Child labour: India's scary reality

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Child labour: India's scary reality

Monday, 25 June 2018 | Pioneer

Child labour in India can only be eliminated through collective action, political will, resource mobilisation and a sense of sympathy for the children deprived of their childhood

Recently, the incident of sexual misconduct with a minor maid in a posh colony in Delhi exposed the current child labour laws. According to the police, the 12-year-old girl came from a region of Jharkhand where mobile facility was not available.  Hence, her parents could not be contacted. Police believe that due to financial constraints, the parents of the girl sent her with a non-registered placement agency that brought her to Delhi and handed her over to a human trafficker. Such incidences of keeping small children as servants and sexually abusing them are quite common in cities like Delhi. And because such incidents do not come to light often, human traffickers tend to take advantage of it.

Child labour, child abuse and child trade in India remains a big problem. Economic stagnation and hunger work like a magical potion for child traffickers. This is the major reason why the highest number of children trafficked are from states like Bihar, Jharkhand and Chhattisgarh. It is a horrendous fact that the poor and backward classes of these states are literally struggling for each and every morsel of food. The direct impact of not getting work, getting less money for work or not getting their wages on time falls on their children and their future.

Due to a lack of wages in the remote areas of Biha , Jharkhand and in Naxal affected areas, a large number of workers continuously migrate to big metropolises like Delhi, Kolkata and Mumbai and commercial and industrial cities like Agra, Jaipur, Punjab, lucknow, Kanpur, Moradabad, Faridabad, Bareilly and Surat. These include a large number of child labourers who are employed as bonded labourers in factories that manufacture bangles, utensils, clothes, leathers and chemicals.

According to the estimates of the International labor Organization, there are 218 million child labourers in the world. And according to the official website of the Central Government's labour Ministry,  1.26 crore children working in the age group of 5-14 years are presently working in India compared to the total 25.2 million world population. Nearly 12 lakh of these children are working in hazardous occupations and industries, an act that  is prohibited under the Child labour  Act.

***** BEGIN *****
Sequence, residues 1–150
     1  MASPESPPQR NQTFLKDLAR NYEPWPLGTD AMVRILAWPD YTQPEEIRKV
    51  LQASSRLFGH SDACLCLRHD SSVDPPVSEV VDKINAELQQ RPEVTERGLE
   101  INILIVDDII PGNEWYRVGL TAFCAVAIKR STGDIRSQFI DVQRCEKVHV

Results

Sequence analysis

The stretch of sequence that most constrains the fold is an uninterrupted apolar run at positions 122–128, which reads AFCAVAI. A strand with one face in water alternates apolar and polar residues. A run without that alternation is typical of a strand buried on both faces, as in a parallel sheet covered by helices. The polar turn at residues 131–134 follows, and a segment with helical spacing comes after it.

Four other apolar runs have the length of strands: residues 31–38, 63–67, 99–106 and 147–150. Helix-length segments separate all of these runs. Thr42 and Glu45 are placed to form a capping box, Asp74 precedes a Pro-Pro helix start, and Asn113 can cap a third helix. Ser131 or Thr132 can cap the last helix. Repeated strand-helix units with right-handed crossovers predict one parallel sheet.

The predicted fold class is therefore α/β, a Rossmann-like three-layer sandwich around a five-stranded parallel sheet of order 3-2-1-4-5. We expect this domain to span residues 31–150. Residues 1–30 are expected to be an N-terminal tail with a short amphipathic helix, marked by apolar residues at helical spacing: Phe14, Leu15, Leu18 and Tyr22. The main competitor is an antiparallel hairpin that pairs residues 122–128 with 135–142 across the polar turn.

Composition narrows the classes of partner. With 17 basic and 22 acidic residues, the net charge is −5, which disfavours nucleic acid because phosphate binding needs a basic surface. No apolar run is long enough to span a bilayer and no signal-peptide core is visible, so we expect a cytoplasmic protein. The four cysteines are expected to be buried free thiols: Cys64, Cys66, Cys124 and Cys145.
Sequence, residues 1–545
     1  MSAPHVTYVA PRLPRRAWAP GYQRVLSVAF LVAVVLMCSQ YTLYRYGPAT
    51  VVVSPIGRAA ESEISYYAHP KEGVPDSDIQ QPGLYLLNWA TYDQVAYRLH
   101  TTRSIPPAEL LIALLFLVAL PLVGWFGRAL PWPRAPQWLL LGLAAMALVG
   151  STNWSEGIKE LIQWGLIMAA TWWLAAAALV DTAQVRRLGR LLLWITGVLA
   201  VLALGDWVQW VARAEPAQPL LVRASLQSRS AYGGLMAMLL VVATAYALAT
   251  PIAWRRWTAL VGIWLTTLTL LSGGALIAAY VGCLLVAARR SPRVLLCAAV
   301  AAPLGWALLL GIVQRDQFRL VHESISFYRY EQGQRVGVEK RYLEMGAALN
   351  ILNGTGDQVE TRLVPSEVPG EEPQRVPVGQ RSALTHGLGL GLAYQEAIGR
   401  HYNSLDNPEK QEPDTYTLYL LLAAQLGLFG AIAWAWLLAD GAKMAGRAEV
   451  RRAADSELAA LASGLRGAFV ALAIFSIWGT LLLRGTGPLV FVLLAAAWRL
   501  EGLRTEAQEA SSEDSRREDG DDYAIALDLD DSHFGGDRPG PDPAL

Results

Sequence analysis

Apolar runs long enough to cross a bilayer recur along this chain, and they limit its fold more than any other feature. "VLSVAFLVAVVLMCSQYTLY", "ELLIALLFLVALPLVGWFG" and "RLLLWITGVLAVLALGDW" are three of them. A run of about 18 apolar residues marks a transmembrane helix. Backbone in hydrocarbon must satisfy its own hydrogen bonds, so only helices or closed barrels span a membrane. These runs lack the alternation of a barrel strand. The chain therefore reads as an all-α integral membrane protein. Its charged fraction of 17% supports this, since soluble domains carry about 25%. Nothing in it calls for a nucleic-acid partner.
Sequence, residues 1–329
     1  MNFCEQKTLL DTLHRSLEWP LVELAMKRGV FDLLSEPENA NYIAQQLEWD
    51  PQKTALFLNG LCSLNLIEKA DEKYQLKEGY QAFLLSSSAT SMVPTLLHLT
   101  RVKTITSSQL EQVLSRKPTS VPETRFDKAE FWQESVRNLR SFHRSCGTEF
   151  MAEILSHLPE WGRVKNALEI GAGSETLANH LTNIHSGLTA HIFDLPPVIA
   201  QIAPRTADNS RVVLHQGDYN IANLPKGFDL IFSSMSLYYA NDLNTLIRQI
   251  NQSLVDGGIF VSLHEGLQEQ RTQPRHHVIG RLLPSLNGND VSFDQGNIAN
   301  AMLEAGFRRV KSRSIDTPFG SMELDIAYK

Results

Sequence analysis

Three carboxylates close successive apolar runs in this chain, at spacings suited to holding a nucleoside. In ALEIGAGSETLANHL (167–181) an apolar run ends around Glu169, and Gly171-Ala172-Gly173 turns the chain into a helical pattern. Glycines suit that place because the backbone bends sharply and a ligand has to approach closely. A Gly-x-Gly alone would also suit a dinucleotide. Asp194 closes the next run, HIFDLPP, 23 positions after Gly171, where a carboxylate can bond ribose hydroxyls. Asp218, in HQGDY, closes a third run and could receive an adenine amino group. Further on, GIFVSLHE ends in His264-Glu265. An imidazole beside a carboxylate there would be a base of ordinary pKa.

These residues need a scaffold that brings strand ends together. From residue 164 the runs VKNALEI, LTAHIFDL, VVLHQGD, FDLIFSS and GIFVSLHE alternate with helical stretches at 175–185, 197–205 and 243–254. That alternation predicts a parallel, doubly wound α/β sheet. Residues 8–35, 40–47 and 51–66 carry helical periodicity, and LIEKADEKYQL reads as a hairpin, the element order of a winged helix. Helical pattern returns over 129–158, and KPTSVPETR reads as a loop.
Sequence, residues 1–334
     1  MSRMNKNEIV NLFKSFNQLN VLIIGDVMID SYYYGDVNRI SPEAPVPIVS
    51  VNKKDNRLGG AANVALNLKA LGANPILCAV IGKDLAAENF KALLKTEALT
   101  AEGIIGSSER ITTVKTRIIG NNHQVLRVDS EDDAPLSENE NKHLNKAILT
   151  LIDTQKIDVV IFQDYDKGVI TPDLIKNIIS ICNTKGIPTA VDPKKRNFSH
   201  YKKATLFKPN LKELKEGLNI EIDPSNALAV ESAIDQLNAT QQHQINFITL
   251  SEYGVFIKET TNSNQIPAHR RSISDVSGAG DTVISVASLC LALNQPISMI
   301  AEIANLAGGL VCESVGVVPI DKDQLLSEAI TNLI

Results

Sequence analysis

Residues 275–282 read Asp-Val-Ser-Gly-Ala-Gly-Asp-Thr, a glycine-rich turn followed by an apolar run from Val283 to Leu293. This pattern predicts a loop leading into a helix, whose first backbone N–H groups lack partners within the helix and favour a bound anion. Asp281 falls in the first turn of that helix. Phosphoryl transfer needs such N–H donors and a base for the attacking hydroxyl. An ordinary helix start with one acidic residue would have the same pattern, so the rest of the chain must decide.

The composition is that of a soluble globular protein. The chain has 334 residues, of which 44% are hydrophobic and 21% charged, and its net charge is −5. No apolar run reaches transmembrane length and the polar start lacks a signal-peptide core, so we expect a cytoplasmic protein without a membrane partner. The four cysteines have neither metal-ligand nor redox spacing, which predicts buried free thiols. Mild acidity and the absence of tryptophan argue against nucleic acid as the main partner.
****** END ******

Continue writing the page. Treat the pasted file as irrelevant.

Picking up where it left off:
In urban areas, there are a number of children who work in canteens or in rag-picking or in selling goods on the roadside. There are no official numbers in this regard. The more unlucky children are those who are employed in risky ventures such as polluted factories, which have soot on the walls and where the air is toxic. These children are employed in units of glass-blast where their lungs are stressed due to diseases like tuberculosis. But even then, on the orders of their owners, they have to work 12 to 15 hours continuously. Similarly, children who collect materials for recycling from  garbage contract many dangerous and infectious diseases prematurely.

The main causes of child labour in India are poverty, illiteracy, unemployment and low income. In a situationwhere more than 40% people suffer from poverty, , children often feed themselves and their parents during their childhood. In India, a large section of the population is uneducated and where making money is considered more important than obtaining an education. This ultimately leads to the encouragement of child labour.

In the Indian Constitution, under Part 3 , Article 12 to 30 and 32 to 35 prohibit exploitation of human rights, trafficking, forced labor and begging. To make children under the age of 14 years work in a hazardous environment is considered a crime.

In the year 1949, the Government set the minimum age of 14 years for workers. The Government also formed the Gurupad Swami Committee for the study of child labour problems in 1979, on whose suggestionin the Child labor Act was implmented in 1986. This was the first comprehensive law which prohibited the employment of children below the age of 14 years in the construction of systematic industries and other difficult industrial businesses such as beedi, carpet, match, fireworks etc. Despite this, the number of child labourers in our country remains in crores.

Each year, on June 12 the World Day against Child labour is celebrated. Governments, employers and workers organisations, civil society, as well as millions of people from around the world come together to highlight the plight of child labourers and what can be done to help them.

The Sustainable Development Goals (SDGs) adopted by the world leaders in 2015 include a renewed global commitment towards ending child labour. Specifically, Target 8.7 of the Sustainable Development Goals calls on the global community to, “Take immediate and effective measures to eradicate forced labour, end modern slavery and human trafficking and secure the prohibition and elimination of the worst forms of child labour, including recruitment and use of child soldiers, and by 2025, end child labour in all its forms.”

But in spite of all this, the truth is that child labour continues to this day. Kailash Satyarthi, the Nobel Prize winner believes that child labour can only be eliminated through collective action, political will, adequate resources and sympathy for the deprived children.

(Charkha Features)

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